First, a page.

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US, Canada Heatwave: What is the Cause? When Will It Ebb?

Hundreds of deaths across the United States and Canada have been linked to this heatwave.

Updated
Environment
3 min read

Video Producer: Shohini Bose
Video Editor: Vivek Gupta

Seattle, Portland, and a number of American cities are believed to have broken all-time heat records, with temperatures in some places recording above 115 degrees Fahrenheit (46 degrees Celsius). Meanwhile, Canada is witnessing a spate of horrific wildfires with British Columbia Wildfire Service listing 99 active fires and 78 being reported just within the last two days.

Hundreds of deaths across the United States and Canada have been linked to this heatwave.

Sharing a map with heat spots (recorded through 2020), the National Weather Service (NWS) Portland tweeted: “That is not a lot of red and yellow dots in our area. This just shows how uncommon these temperatures are in our neck of the woods.”

Meanwhile, multiple pyrocumulonimbus plumes have been reported amid wildfires in British Columbia.

Pyrocumulonimbus plumes have been described, in Summerland Review, as “large, billowing clouds that can surge over 50,000 feet high during extreme wildfires, essentially creating their own storms by generating lightning.”

But what is a heatwave? What is causing it? And when will it end?

What is a Heatwave?

A period of excessively hot weather, which may be accompanied by humidity, can be generally defined as a heatwave. Countries that are not prone to hot climatic conditions may be less equipped to handle a heatwave.

As per the National Weather Service, temperatures ought to be above the historical average in the region for two or more days before the spell is dubbed a “heatwave”. But the definition can vary by region.

An onset of heatwave can cause deaths from hyperthermia, crop failures, and widespread power outages.

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What is Causing the Heatwave in the US and Canada?

When high pressure in the atmosphere intensifies over a specific region over several days or weeks, it leads to the formation of a heatwave.

The US/Canada heat wave has been caused by a dome of high pressure over the Northwest and worsened by human-induced climate change, reported AP, citing meteorologists. Climate change, as per the meteorologists, can intensify extreme weather events, and make the possibility of their occurrence more likely.

As per AFP, the phenomenon causing this heatwave, which is dubbed “one of the most extreme heatwaves that we have seen on Earth”, is called a “heat dome”.

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What is a Heat Dome?

As per AFP, a heat dome is when hot air is trapped by high pressure fronts, and as it is pushed back to the ground, it heats up even more.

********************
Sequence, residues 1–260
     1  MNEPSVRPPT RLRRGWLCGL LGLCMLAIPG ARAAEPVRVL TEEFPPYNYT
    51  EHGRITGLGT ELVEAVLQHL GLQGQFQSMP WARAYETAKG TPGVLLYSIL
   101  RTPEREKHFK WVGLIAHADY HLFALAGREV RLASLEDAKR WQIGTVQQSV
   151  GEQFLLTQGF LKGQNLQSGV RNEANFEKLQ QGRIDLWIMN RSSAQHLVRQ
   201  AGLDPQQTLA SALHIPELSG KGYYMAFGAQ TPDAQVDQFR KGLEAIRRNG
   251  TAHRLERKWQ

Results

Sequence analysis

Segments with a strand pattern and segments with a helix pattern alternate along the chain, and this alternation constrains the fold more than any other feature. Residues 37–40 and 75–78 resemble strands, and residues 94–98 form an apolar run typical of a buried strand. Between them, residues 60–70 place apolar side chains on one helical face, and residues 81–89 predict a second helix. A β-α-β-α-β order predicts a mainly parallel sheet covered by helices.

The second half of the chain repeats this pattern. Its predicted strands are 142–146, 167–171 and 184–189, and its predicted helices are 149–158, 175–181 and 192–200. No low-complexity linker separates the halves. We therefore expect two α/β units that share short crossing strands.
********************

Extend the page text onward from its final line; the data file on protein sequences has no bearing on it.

“It’s sort of like a bicycle pump,” Philip Mote, professor of atmospheric science at Oregon State University, told AFP.

“If you compress air into a bike tire, it warms the air.”

Further, the condition keeps clouds from forming, thereby allowing more of the sun’s radiation to hit the ground.

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What is the Climate Change Connection?

Zeke Hausfather, a climate expert at the Breakthrough Institute, told AFP: “A world without climate change would have still had a heatwave in the Pacific Northwest. It just would have been not quite as record-setting.”

Dubbing climate “like steroids for the weather,” Hausfather said:

“If a baseball player or Olympic athlete is taking steroids, they’re still going to perform better some days and worse some days, but on average, their performance is going to go up. And so climate is doing something similar to the weather. That makes it more likely to experience these sort of extremes.”

Daniel Swain, a climate expert at UCLA, also iterated that “it is very possible that climate change increased this heat wave to an even greater degree”, observing that the drought that the region has been witnessing for weeks may have bolstered the heat dome because the energy of the sun’s rays is no longer being used to evaporate water, so instead it warms the atmosphere more, reported AFP.

Pointing out that, that “attribution studies” will be carried out to arrive at the exact causes of this event, Karin Bumbaco, a climatologist at the University of Washington, told AFP:

“(But) I think it’s safe to say that there’s at least some components of global climate change that contributed to this event”.

Hausfather added, “We’re stuck with the warming... And so we need to be prepared for these sorts of events to be more frequent.”

When Will This Heatwave Ebb?

Forecasters have, as per The Indian Express, pointed out that the temperatures will be unreasonably hot next week as well in the Pacific Northwest.

Clinton Rockey, a meteorologist with the National Weather Service in Portland, has said that temperatures have somewhat moderated in Portland, but are expected to reach the mid-80s later in the week and will remain 10 to 20 degrees above average at least until next Tuesday.

(With inputs from AP, AFP, and The Indian Express.)

(At The Quint, we are answerable only to our audience. Play an active role in shaping our journalism by becoming a member. Because the truth is worth it.)

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